Excluding education and hospitals, state and local governments employ about 8.3 million workers, placing them among the largest employers in the economy.
Seven out of 10 of these employees work for local governments, such as counties, cities, special districts, and towns. Also, large numbers of State and local workers work in public education—a major part of the educational services industry, which is discussed elsewhere in the Career Guide. Many state and local workers also work in public hospitals, which are included in the healthcare industry elsewhere in the Career Guide.
In addition to the 50 state governments, there were about 87,500 local governments in 2007, according to the U.S. Census Bureau. These included about 3,000 county governments; 19,500 municipal governments; 16,500 townships; 13,500 school districts; and 35,100 special districts. Illinois had the most local government units, with nearly 7,000; Hawaii had the fewest, with 19.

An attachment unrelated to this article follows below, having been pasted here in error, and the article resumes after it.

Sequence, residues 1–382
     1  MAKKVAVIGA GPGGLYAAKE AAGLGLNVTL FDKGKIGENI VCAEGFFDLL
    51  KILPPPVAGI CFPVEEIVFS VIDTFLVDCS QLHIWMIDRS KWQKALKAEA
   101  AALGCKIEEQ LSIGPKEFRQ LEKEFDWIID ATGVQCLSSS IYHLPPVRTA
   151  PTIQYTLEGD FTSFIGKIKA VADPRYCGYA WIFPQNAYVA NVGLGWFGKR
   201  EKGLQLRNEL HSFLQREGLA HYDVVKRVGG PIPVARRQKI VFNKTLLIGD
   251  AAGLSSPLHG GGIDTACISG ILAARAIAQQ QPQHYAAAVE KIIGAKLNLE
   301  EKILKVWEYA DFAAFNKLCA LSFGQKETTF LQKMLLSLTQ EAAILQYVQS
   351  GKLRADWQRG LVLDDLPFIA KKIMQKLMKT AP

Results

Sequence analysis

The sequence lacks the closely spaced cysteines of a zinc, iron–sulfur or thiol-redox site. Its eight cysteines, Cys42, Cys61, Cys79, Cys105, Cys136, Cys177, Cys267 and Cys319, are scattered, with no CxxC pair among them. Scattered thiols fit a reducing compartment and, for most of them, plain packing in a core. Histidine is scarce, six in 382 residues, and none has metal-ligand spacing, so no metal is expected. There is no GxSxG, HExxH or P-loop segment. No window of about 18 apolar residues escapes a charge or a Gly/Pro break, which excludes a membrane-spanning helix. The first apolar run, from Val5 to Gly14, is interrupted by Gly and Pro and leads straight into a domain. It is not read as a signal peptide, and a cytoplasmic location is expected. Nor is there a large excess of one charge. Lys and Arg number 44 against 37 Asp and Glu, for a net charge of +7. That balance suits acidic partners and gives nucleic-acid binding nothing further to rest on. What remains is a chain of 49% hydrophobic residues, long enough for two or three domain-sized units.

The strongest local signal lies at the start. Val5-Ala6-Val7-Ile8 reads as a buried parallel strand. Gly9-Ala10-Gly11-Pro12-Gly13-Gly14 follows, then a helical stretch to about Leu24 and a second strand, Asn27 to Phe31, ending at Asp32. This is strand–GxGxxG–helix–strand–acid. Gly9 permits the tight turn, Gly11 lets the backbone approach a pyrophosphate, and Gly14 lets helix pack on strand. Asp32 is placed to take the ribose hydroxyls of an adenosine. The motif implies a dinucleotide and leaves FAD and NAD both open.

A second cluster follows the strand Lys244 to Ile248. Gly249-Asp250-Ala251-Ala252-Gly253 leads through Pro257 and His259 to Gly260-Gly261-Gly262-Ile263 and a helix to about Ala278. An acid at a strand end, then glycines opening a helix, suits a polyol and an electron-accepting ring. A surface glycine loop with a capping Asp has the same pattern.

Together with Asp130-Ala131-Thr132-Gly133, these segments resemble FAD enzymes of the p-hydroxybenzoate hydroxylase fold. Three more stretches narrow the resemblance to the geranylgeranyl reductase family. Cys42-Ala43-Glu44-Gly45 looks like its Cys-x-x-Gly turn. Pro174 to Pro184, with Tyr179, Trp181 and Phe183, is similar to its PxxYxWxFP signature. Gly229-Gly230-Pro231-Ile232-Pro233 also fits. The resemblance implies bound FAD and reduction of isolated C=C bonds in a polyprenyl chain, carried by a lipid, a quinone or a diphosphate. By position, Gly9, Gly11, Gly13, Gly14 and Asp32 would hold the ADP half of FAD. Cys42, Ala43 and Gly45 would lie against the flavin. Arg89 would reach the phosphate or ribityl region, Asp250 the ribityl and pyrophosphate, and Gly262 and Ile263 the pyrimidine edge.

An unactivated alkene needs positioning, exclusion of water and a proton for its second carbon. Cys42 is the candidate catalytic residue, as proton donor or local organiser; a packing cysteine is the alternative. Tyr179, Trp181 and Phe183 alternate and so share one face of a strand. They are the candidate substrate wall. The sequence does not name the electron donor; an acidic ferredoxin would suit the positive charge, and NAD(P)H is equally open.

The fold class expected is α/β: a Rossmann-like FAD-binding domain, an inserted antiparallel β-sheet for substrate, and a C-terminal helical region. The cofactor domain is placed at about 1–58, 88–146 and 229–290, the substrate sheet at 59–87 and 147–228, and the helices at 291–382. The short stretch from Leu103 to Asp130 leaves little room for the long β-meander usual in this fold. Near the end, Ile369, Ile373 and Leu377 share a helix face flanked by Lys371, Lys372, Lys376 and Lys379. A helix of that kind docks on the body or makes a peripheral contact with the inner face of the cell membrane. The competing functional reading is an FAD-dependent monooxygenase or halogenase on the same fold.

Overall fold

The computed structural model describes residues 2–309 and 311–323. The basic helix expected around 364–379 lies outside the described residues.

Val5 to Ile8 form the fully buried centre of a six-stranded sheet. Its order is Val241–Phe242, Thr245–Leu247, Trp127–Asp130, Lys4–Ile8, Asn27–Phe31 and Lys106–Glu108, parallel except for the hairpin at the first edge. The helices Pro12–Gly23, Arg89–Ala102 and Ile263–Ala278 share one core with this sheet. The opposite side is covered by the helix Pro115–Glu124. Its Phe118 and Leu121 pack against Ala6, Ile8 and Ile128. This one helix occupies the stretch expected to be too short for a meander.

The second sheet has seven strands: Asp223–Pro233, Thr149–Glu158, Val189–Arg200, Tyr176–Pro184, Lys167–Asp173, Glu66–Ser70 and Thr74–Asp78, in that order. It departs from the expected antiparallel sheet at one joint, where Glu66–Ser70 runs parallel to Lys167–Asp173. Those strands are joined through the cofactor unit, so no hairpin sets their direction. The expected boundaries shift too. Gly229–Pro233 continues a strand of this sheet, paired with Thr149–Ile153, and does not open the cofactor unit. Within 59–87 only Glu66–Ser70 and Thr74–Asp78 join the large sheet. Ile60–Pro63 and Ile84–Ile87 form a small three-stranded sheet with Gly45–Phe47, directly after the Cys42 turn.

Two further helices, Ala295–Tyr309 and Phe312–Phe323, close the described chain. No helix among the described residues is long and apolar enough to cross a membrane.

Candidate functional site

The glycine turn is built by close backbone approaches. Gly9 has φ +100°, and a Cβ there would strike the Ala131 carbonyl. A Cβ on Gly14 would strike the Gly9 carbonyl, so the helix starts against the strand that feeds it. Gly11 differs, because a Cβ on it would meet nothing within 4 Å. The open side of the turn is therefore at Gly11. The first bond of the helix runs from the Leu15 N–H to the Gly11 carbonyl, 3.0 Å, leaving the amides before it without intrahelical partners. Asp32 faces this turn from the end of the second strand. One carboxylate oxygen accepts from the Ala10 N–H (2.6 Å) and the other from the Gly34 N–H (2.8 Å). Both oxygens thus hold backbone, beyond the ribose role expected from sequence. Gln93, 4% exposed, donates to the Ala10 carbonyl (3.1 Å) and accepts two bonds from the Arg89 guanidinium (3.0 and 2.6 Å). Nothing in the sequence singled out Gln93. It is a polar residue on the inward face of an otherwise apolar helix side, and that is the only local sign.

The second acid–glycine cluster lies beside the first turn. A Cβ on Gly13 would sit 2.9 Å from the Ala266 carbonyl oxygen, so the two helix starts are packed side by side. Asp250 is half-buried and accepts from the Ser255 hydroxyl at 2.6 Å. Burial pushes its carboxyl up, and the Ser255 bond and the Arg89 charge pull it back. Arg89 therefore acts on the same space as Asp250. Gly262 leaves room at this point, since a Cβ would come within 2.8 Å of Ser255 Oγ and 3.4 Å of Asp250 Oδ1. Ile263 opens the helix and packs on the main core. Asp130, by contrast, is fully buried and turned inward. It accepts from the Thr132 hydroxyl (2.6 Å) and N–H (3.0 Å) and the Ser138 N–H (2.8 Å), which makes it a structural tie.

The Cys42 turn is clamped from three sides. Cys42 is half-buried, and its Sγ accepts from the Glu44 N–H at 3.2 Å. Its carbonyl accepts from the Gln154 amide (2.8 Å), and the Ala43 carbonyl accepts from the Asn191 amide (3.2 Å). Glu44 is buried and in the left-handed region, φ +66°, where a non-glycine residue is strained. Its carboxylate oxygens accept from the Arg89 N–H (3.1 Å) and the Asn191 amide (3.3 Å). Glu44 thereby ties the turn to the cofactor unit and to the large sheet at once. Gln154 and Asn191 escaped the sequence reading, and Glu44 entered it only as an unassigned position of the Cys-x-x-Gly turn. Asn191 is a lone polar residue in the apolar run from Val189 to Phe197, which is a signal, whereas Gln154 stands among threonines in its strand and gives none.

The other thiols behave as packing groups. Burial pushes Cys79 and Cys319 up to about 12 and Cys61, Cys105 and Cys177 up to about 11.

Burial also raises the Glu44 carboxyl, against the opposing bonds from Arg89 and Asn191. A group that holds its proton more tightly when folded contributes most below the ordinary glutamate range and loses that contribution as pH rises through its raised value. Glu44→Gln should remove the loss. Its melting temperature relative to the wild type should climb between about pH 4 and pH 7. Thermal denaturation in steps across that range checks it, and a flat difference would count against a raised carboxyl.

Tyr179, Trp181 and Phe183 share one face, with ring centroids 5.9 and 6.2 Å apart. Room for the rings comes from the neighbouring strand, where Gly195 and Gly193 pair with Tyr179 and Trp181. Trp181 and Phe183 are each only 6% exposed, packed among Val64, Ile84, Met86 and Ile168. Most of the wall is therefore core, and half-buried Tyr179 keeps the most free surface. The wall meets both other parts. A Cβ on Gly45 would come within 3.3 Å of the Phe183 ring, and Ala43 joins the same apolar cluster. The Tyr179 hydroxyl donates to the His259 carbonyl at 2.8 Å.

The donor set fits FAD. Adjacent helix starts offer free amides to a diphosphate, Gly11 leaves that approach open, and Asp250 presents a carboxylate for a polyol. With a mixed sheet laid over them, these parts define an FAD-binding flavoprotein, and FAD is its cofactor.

In many areas of the country, citizens are served by more than one local government unit. For example, most states have counties, which may contain various municipalities such as cities or towns, but which also often include unincorporated rural areas. Townships, which do not exist in some states, may or may not contain municipalities and often consist of suburban or rural areas. Supplementing these forms of local government, special district government bodies are independent, limited-purpose governmental units that usually perform a single function or activity. For example, fire districts and ambulatory services often are provided by a special district.